Those fasts never go beyond three days. You can look here in your Bibles in the example of Jonah 3:7 when Jonah said that God was going to destroy the city because of their wickedness the king made a proclamation, “Let neither man, nor beast, herd, nor flock taste anything. Do not let them eat or drink water.” That’s a radical life and death fast. Esther 4:16 a death decree is pronounced against God’s people. They do the radical life and death fast. “Go, gather all the Jews who are present in Shushan, and fast for me, neither eat nor drink for three days, day or night: my maids and I will fast likewise.” That’s about as extreme, any of you ever done that? You ever go 24 hours without drinking water? Two days without drinking water? I got lost in the desert one time went half the day without water in the desert and I thought I was going to die of thirst. Of course I was dripping all the fluid out of my body. That’s pretty radical. That’s where you’re really afflicting yourself. Now sometimes we fast for health purposes. You might be praying about something, you could be fasting and praying and you might deny yourself food. And you know, I believe because the Lord principally communicates, not principally, the Lord communicates with our brains. This electrochemical computer. It’s an organ and it’s spiritual. They can’t figure out how the brain works.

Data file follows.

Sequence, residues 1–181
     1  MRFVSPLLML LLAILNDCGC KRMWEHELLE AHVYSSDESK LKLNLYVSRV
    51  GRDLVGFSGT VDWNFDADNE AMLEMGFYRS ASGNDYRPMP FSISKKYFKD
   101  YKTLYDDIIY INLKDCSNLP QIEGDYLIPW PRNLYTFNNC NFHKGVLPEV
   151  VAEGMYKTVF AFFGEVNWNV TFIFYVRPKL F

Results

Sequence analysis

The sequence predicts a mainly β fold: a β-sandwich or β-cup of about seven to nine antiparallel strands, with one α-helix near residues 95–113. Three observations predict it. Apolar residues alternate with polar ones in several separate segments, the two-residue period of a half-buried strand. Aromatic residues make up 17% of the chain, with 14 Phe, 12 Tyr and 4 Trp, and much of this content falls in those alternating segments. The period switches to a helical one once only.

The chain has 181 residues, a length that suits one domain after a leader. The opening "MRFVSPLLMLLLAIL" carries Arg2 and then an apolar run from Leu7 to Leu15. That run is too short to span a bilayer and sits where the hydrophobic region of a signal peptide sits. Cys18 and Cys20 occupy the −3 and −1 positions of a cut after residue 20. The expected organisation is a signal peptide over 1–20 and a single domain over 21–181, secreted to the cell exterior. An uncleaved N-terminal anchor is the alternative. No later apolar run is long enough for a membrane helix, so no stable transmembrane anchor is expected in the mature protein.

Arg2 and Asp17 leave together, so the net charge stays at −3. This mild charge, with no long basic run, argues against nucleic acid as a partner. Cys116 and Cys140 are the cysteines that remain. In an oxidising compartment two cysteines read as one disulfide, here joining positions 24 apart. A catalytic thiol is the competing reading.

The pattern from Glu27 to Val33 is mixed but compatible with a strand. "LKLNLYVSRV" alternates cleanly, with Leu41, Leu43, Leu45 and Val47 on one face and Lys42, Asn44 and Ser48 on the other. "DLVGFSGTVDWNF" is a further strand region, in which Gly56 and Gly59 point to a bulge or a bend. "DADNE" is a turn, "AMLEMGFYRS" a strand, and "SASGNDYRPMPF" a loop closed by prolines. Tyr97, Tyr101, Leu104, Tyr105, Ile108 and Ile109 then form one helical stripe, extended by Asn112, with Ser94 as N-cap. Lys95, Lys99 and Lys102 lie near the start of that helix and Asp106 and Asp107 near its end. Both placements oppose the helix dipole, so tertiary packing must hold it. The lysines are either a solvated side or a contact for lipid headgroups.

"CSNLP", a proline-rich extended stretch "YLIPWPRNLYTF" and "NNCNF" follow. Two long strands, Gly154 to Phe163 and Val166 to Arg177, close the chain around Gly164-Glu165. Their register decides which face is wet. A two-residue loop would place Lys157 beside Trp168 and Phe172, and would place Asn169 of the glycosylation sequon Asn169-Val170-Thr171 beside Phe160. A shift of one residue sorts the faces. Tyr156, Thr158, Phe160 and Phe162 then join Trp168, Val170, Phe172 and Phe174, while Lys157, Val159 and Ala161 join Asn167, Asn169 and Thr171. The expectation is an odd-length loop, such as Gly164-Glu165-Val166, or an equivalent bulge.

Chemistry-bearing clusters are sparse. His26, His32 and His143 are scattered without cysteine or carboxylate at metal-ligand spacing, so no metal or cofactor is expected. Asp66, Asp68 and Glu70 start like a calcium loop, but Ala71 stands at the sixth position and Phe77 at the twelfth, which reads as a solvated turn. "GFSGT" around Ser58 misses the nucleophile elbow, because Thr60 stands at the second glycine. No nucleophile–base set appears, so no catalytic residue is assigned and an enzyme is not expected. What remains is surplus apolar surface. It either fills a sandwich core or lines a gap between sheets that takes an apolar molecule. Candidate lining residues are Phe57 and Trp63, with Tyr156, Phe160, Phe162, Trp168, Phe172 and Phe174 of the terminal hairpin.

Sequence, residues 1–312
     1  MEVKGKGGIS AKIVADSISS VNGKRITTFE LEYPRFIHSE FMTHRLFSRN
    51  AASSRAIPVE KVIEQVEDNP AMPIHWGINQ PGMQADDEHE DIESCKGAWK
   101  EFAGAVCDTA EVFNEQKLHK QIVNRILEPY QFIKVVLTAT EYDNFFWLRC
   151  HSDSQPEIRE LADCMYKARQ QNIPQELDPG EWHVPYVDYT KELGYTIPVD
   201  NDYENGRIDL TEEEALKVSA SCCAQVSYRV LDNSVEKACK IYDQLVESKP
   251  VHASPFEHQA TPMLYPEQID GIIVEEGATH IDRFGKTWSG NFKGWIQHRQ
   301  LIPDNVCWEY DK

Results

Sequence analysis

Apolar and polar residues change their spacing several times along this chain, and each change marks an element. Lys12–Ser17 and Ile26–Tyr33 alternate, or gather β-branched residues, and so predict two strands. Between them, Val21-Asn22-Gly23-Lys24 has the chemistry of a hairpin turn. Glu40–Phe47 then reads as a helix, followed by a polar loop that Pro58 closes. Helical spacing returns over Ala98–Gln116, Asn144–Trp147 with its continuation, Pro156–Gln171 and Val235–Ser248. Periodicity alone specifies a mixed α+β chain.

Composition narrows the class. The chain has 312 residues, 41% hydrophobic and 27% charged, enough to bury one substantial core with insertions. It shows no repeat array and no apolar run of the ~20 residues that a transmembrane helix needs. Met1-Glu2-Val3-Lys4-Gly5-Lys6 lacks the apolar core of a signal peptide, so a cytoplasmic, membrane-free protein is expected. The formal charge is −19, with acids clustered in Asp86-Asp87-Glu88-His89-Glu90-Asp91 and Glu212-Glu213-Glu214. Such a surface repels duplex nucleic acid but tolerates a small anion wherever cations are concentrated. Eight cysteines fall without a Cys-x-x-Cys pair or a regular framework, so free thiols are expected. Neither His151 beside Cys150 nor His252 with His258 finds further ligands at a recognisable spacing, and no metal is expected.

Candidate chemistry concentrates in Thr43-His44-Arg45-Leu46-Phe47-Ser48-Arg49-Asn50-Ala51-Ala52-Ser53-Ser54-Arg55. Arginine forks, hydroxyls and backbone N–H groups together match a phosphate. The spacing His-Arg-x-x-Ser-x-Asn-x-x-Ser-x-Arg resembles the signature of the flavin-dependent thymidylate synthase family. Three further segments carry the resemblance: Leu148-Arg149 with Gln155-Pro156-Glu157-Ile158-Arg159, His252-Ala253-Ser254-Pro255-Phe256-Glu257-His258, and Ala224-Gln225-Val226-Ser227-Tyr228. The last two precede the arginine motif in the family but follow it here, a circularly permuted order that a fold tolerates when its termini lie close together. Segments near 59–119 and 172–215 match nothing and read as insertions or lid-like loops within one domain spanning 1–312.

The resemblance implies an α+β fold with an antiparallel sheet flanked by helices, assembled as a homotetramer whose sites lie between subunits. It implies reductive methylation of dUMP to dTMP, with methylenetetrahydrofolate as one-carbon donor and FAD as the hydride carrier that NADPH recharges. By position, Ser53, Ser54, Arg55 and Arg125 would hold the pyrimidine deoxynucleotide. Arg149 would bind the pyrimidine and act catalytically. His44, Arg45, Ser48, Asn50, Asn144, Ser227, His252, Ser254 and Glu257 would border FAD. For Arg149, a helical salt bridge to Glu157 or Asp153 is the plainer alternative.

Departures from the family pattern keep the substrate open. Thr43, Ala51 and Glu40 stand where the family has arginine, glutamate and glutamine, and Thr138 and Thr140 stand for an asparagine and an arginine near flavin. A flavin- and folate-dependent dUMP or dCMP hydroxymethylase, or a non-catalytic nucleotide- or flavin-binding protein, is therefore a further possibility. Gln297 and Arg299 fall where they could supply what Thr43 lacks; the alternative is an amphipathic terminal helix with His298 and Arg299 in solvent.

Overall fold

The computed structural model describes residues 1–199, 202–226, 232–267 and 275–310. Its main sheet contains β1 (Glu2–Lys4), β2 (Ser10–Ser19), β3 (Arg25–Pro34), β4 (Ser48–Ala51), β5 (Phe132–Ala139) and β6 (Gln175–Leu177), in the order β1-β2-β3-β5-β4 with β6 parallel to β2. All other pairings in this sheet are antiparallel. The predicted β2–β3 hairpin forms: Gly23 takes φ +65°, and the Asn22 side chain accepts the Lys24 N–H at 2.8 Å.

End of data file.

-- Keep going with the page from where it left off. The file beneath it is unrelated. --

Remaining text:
It holds thoughts. And God speaks to us. But it’s also an organ. And your brain is affected by your health habits. And when you fast and you clean out your system your mind is more clear. And the part of your brain, not the part that operates animal functions, but the part of your brain that has its higher thinking is more receptive to the voice of the Holy Spirit. I really believe that. And so you might be fasting and praying for guidance. You might be fasting and praying; remember when the disciples tried to cast out a devil and they failed and they said, “What did we do wrong?” Jesus said, “This type comes forth only by prayer and fasting.” Now why was Christ able to cast them out? Because He was Jesus. Why do we pray and fast? We can pray and fast to be like Jesus so we can cast them out, right? That’s the purpose for that. So he’s fasting and he’s praying for three days. What do you think was going on in Paul’s mind during that time? What does a person think about when they can’t see? You know when you close your eyes you still have memories; you’ve got that mental screen. Right? You’ve got images you can put up on the board.